The stability and reaction mechanism of a LiF/electrolyte interface: insight from density functional theory†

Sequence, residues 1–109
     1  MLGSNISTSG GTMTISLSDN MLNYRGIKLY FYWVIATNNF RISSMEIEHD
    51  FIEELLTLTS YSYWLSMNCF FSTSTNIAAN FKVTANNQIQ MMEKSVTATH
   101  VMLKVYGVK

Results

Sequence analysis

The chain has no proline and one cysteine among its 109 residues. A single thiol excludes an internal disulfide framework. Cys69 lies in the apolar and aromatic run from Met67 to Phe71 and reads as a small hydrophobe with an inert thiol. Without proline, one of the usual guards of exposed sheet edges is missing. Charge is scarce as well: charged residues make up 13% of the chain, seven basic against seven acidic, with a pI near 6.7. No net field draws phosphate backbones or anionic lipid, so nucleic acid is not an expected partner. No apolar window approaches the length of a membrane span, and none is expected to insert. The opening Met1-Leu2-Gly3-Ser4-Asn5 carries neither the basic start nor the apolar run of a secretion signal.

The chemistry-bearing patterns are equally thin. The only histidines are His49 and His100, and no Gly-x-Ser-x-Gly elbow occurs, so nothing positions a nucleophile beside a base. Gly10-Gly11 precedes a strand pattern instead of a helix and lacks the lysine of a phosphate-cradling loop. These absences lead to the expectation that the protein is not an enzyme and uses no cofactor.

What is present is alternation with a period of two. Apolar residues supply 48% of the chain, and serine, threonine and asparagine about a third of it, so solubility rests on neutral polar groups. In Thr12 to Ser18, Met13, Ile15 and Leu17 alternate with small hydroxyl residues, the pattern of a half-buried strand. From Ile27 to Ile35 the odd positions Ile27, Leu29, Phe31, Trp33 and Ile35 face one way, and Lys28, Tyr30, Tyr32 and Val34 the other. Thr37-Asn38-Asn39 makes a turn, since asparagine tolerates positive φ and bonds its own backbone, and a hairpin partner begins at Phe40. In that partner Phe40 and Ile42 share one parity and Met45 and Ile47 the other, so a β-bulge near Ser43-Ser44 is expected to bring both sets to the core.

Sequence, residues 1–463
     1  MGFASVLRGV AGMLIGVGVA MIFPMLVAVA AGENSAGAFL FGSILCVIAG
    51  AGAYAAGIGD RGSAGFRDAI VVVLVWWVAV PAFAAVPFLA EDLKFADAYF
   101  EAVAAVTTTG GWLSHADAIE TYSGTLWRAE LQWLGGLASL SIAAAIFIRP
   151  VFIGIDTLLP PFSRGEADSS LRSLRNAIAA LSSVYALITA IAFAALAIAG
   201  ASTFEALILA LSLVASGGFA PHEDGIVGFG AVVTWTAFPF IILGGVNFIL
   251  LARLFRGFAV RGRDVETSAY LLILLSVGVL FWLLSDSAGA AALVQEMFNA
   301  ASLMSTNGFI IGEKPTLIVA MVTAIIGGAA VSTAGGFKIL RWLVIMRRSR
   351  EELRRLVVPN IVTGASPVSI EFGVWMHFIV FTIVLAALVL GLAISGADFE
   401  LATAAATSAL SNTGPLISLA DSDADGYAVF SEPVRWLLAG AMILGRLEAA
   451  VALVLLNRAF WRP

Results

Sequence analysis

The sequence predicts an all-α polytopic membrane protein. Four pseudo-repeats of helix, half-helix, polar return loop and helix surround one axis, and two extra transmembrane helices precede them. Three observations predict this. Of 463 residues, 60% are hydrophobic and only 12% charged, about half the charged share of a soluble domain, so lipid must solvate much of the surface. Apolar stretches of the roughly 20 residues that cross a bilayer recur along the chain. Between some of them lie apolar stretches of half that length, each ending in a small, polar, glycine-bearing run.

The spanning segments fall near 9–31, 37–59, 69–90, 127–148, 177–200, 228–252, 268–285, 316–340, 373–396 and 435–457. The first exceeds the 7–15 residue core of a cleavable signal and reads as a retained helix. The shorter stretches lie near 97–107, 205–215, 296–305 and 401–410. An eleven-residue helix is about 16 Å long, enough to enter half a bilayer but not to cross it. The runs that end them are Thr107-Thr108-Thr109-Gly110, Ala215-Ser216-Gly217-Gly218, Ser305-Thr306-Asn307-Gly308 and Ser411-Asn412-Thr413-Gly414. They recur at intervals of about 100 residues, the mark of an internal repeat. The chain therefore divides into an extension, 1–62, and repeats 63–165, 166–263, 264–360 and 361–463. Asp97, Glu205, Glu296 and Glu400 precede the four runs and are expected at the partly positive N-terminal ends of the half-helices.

In a Li-metal battery, a solid lithium fluoride (sLiF) film, as a coating layer, is widely used to stabilize both the Li-metal and the liquid electrolyte (LE) to suppress unwanted redox shuttles. The sLiF/LE interface significantly affects the performance of the Li-metal battery. Here, to understand the chemistry and the Li-ion transport properties of the solid–liquid interface, we study interfacial reactions and dynamics at the interface between sLiF and a liquid electrolyte (EC, DMC, and LiPF6) by using a quantum mechanics method. LiPF6 is found to be chemically unstable at the sLiF/LE interface, and a resistive solid–liquid electrolyte interphase (SLEI) for Li-ion transport forms at the interface. The mobility of the electrolyte molecules and Li-ions near the sLiF/LE interface is much lower than that in a bulk liquid electrolyte. Such a molecular-level understanding of the interfacial processes provides the basis to develop a new interface between a solid and a liquid electrolyte for better Li-ion batteries.